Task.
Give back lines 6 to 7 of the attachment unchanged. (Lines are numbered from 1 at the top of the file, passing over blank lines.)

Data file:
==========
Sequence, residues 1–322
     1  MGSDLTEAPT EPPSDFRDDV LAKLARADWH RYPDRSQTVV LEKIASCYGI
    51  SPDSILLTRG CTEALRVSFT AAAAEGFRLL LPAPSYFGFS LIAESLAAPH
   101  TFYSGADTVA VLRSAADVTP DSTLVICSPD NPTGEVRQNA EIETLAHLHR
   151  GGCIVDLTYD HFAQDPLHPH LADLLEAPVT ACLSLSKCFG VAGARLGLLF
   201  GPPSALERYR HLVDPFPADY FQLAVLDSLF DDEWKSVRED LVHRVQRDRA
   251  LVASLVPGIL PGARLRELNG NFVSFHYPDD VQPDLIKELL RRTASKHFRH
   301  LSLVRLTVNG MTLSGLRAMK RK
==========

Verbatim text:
   201  GPPSALERYR HLVDPFPADY FQLAVLDSLF DDEWKSVRED LVHRVQRDRA
   251  LVASLVPGIL PGARLRELNG NFVSFHYPDD VQPDLIKELL RRTASKHFRH